Juiz Internacional de Tiro Esportivo, completando agora em janeiro, 40 anos de atividade.

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Sou uma pessoa de facil relacionamento, tenho facilidade de trabalhar em grupo, sou otimista e gosto de festas.

domingo, 6 de janeiro de 2013

Definitions and Abreviations of terms used in the ISSF Rules

All ISSF Rules are numbered according to a rule numbering protocol that limits rule numbers to four (4) levels (i.e.  Bulleted rules are also used to facilitate   additional rule sub-levels.  If reference is made to a bulleted rule, a letter designating the place of the bulleted rule in the bulleted list should be used (i.e. use d to designate the fourth bulleted rule in a list)
Definitions and Abbreviations
The following are definitions of special terms and abbreviations that are used in the ISSF General Technical Rules and the ISSF Rifle, Pistol, Shotgun and Running Target Rules.

Competitors or participants in a sports competition.
Athletes in the sport of Shooting are sometimes called shooters
A single organized shooting competition with a program of events. A Championship (capital C) is a competition that is authorized and supervised by ISSF rules,Technical Delegates, Juries and anti-doping controls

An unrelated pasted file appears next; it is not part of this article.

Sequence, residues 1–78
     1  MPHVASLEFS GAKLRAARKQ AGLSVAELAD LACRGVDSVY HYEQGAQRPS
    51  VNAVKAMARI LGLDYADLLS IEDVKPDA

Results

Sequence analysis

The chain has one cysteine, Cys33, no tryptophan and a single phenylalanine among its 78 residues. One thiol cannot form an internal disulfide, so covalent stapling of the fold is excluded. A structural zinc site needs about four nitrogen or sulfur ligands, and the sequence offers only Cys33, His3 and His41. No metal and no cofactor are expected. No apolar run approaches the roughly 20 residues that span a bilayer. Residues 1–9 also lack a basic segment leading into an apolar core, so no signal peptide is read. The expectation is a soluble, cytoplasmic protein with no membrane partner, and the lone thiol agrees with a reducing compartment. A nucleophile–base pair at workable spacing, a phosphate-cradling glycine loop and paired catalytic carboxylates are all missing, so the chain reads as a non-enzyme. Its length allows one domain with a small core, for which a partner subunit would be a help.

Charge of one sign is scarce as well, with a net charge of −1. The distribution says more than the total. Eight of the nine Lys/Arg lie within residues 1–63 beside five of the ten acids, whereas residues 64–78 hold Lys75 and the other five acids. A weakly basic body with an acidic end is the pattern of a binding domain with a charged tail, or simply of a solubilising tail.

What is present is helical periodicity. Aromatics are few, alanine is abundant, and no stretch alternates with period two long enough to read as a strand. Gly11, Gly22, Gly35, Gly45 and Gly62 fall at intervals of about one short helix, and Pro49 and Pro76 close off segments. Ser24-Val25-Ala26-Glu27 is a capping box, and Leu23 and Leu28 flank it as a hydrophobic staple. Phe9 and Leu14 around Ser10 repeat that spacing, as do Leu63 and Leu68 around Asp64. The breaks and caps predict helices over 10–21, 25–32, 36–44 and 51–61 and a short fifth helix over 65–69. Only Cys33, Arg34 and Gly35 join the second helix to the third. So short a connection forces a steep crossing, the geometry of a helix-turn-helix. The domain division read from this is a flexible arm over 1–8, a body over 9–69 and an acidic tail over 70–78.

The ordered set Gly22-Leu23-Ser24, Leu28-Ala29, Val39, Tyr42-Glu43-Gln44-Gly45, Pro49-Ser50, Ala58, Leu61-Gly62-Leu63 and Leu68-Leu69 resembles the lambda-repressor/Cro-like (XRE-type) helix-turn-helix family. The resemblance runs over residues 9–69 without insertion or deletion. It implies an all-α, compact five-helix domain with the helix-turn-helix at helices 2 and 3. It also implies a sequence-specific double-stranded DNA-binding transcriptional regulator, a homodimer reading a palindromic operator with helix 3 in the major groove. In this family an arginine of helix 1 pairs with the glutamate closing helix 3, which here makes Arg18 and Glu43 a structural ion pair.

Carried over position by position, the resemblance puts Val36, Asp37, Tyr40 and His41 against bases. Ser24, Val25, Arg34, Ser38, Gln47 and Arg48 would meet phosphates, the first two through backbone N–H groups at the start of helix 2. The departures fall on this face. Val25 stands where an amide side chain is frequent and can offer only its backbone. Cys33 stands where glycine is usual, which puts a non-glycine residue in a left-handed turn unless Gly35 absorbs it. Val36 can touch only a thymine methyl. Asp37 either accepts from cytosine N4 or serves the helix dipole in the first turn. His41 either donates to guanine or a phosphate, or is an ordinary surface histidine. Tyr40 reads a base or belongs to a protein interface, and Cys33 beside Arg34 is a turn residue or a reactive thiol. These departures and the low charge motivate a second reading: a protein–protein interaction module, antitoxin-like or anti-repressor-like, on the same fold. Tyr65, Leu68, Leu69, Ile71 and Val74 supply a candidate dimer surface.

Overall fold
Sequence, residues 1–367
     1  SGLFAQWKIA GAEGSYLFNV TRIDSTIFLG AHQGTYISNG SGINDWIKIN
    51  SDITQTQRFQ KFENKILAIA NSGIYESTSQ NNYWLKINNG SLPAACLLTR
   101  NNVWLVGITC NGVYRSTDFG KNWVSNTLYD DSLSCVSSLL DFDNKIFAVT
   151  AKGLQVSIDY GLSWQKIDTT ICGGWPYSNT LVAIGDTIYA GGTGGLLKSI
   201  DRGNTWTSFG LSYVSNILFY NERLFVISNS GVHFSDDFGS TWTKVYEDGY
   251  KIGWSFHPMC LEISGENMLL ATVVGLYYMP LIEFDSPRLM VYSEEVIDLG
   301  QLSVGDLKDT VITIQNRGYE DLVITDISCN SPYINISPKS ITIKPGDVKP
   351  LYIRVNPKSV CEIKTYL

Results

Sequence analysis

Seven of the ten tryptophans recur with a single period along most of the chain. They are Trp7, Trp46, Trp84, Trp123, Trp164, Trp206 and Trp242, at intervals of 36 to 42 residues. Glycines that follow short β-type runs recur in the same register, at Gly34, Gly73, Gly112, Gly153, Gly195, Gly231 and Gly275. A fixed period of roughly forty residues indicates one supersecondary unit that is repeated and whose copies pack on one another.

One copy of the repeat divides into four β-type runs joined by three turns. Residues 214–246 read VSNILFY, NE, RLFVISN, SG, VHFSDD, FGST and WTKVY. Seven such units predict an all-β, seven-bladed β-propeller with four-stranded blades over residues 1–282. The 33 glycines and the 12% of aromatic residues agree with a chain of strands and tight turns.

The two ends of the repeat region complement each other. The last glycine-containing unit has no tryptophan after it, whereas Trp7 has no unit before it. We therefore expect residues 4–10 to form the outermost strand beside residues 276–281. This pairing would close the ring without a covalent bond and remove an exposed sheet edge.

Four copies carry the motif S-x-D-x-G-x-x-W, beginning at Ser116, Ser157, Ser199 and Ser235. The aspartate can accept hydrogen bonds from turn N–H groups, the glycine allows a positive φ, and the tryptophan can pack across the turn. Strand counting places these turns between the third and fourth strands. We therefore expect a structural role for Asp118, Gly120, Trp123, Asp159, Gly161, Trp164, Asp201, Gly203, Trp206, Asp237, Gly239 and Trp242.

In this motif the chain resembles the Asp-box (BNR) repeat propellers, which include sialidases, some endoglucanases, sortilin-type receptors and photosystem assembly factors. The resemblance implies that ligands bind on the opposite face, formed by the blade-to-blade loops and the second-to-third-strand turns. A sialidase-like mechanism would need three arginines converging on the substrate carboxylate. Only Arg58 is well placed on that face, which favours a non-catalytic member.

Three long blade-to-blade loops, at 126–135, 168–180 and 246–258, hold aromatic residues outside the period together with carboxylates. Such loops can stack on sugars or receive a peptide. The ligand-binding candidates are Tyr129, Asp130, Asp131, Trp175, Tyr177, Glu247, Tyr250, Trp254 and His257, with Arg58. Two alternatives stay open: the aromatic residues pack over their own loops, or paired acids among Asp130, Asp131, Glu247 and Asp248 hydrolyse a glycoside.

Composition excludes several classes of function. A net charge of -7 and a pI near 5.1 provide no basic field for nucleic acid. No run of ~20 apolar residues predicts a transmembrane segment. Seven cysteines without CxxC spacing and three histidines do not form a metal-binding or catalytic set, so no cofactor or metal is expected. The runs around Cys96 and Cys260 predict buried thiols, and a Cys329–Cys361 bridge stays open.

A general reference to a sports contest that may include a series of events (Championship) or may be a contest within a single event.
Course of Fire
A description of the stages of competition within an event that specifies the number of shots in each series and stage, the type of firing and the time limits.
Chief Range Officer
A sub-group of events within a sport that have common characteristics. Shooting has four (4) disciplines:
1) Rifle, 2) Pistol, 3) Shotgun and 4) Running Target.
Electronic scoring targets
A unique Shooting contest with a specific course of fire and rules of conduct. Shooting has 15 Olympic events.
The ISSF also recognizes many additional events for individual and team competitions for open and junior age groups.
Field of Play. In Shooting, the FOP includes the area behind the firing line where access is restricted to competing athletes and on duty officials, the firing line or shooting stations and the downrange area that includes the targets and backstops or safety zone.
Scoring or record shots. Shots that count in an athlete’s score.
Minute, minutes
A phase of competition for a Shooting event. Shooting events may have Elimination Rounds, Qualification Rounds and Finals
Second, seconds
A sequence of shots fired within a stage or course of fire.
Most Shooting events have 10-shot series; 25m Pistol events have 5-shot series; Shotgun events have 25 or 30 target series. Series in Shotgun events are often called rounds.
Sighting Shots
Practice or warm-up shots that are fired in a Shooting event  prior to MATCH shots.
A distinct grouping of competitive events with common elements and a single governing body. Shooting (capital S) is a “sport” where athletes in different events fire guns at targets that rank competing athletes according to their scores. The IOC recognizes Shooting as one of 28 Summer Olympic sports.

Posted by Thom Erik Syrdahl
Sources, ISSF Official Rules and Regulations EDITION 2013 (First Print, 11/2012)
Effective 1st JANUARY 2013

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